Extortionist Just Won’t Stop, Prosecutors Say

David Lee

DALLAS (CN) — A Romanian extortionist has been re-indicted, accused of retaliating against his victim after he was released from a halfway house to home confinement.

William Laurence Stanley, 53, a search engine optimizer, was charged this week with “knowingly and with the intent to retaliate against a person for providing law enforcement information about the commission of a federal crime,” federal prosecutors said Wednesday. If convicted, he faces up to 10 more years in federal prison, restitution and a $250,000 fine.

Stanley pleaded guilty in July 2015 to transmitting threats in interstate and foreign commerce and Hobbs Act extortion.

A business that hired Stanley fired him after seeing a “website allegedly created by Stanley that had the ability to damage [the company’s] reputation by associating [it] with a scam,” prosecutors said. Stanley’s sister, Lynn Stanley Faust, also was charged in that case. Prosecutors said the siblings sent threatening email messages and phone calls from foreign countries to the company from December 2013 to February 2014, netting Stanley $29,000 that was sent to him in Brasoz, Romania.

Stanley was sentenced to 37 months in federal prison and ordered to pay $175,000 in restitution in that case.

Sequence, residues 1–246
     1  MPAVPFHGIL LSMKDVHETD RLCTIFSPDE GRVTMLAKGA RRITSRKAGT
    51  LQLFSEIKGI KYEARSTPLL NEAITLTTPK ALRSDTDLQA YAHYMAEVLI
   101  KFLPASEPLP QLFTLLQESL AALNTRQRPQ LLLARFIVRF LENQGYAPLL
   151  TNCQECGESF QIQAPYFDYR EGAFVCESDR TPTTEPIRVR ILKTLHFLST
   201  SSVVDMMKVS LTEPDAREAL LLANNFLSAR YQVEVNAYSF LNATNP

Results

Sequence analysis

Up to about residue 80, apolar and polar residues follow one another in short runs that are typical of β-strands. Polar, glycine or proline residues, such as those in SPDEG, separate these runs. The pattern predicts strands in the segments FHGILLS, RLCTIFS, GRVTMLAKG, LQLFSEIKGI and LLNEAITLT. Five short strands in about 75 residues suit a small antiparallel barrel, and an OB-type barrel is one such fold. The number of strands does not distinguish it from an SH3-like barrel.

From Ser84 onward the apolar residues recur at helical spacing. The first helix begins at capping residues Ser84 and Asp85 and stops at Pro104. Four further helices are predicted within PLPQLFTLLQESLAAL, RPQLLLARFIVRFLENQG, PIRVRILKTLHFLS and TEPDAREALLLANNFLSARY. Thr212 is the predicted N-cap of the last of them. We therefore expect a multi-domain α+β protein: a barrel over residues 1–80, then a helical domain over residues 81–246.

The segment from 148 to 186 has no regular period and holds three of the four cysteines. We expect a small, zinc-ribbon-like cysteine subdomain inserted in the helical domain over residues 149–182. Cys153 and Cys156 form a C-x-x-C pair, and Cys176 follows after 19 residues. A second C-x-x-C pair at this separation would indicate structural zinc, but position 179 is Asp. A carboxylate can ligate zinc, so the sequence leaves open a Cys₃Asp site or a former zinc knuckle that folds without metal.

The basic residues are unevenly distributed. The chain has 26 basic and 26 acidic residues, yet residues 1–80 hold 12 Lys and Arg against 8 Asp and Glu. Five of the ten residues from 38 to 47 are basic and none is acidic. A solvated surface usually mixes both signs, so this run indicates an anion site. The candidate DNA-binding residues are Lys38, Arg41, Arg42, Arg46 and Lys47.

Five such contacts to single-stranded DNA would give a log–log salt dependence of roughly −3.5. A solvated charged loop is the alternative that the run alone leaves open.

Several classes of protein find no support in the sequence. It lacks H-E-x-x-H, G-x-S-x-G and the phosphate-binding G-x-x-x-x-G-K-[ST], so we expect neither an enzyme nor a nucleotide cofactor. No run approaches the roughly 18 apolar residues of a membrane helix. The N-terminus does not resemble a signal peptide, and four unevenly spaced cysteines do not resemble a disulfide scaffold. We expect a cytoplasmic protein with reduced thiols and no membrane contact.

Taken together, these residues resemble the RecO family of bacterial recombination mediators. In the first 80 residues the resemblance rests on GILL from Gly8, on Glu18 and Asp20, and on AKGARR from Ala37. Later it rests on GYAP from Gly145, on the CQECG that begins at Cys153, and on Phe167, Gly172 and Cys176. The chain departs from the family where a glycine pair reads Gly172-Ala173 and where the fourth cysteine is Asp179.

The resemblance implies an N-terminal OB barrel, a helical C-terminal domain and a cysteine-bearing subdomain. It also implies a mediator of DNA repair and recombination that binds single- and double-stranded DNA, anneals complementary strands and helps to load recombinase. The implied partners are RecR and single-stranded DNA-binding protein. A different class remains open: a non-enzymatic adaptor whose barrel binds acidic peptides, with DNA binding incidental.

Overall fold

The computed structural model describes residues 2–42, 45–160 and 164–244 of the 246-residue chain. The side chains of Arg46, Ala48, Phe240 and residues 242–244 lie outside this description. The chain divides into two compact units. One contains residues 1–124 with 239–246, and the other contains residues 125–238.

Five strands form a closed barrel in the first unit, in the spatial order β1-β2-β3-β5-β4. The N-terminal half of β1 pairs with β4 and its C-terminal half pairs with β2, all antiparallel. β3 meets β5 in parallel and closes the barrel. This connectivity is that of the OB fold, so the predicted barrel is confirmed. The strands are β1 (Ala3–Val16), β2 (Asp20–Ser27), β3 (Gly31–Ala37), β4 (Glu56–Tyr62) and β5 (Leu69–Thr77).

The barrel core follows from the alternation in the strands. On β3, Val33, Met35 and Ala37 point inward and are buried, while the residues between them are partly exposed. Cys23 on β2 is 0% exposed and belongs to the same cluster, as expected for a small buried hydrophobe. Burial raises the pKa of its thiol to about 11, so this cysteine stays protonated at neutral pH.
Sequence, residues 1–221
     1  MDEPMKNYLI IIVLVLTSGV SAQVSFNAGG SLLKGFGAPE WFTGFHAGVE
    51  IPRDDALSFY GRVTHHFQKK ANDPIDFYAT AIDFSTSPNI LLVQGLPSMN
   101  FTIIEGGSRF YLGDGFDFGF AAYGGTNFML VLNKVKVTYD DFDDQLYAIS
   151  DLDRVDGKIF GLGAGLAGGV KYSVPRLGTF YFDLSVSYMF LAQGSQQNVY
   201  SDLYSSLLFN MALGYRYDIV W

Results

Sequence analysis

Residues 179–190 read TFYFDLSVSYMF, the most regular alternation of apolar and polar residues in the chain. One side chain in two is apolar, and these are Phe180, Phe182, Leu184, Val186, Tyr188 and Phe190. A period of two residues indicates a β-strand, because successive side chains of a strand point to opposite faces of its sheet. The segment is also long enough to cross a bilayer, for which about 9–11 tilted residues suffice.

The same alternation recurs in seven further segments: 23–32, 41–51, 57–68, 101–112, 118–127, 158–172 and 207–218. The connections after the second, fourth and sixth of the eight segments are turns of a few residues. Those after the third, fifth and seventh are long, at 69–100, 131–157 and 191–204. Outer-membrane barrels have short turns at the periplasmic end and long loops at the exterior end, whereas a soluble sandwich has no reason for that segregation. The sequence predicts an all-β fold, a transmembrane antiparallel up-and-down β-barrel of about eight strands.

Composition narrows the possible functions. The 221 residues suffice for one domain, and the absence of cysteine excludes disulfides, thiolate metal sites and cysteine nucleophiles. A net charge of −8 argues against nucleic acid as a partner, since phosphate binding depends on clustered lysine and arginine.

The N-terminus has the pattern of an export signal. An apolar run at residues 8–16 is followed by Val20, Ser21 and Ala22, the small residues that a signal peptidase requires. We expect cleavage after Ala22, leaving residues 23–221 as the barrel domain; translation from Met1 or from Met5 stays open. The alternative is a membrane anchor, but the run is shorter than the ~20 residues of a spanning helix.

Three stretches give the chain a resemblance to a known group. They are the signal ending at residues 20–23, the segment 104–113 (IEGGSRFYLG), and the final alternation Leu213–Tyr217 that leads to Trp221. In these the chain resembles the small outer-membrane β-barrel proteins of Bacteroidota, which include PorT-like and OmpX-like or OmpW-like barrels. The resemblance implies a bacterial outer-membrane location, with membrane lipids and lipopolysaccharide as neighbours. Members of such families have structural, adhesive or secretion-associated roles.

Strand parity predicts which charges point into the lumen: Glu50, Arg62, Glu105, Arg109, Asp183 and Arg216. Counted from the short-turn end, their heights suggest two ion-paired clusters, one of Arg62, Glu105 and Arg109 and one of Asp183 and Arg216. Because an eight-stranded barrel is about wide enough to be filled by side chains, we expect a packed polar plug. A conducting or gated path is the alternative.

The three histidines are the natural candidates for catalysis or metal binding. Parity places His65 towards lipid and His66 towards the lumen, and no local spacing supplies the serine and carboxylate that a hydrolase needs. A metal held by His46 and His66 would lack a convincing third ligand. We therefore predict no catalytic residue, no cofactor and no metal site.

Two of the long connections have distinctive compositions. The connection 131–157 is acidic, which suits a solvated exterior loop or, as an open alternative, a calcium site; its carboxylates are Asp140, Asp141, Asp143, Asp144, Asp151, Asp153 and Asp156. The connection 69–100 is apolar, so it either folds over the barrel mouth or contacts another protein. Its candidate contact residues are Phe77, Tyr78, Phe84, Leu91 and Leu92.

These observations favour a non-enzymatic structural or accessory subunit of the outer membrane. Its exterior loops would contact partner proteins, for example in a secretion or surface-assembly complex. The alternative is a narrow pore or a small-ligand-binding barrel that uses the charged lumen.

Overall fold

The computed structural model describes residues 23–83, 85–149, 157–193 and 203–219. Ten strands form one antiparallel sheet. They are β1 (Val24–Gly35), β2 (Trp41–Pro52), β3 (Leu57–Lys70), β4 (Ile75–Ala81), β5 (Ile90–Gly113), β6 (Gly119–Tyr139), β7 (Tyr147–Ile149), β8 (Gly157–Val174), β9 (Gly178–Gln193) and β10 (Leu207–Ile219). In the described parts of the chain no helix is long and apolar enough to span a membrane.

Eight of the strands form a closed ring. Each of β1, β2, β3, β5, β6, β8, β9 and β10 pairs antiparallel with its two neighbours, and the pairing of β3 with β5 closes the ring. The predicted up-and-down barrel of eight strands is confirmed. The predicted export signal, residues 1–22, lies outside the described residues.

He was sent to a halfway house in Houston in August this year, then to his daughter’s home in Angelton a month later. There, he allegedly began posting “false and derogatory comments and reviews” online about the company he’d extorted, the U.S. Attorney’s Office in Dallas said Wednesday.

“Several of the articles/blogs/complaints had titles and photographs added to place the victim company in an even more negative light,” the U.S. attorney said. “Stanley also allegedly encouraged others to duplicate the negative content in as many places as possible. The investigation revealed, among other things, that Stanley created the derogatory blogs while he was on home confinement in Angleton.”

The company “suffered a significant loss of revenue” from this, the prosecutor said.

Stanley is in jail. At a Dec. 2 detention hearing on the new charge, a federal magistrate judge “found there was no condition or combination of conditions that would reasonably assure Stanley’s appearance as required,” according to the U.S. attorney. “He noted that Stanley has a house and family in Romania, and he has expressed an interest in returning there. A family member also told law enforcement that he would definitely flee the country if released from custody.”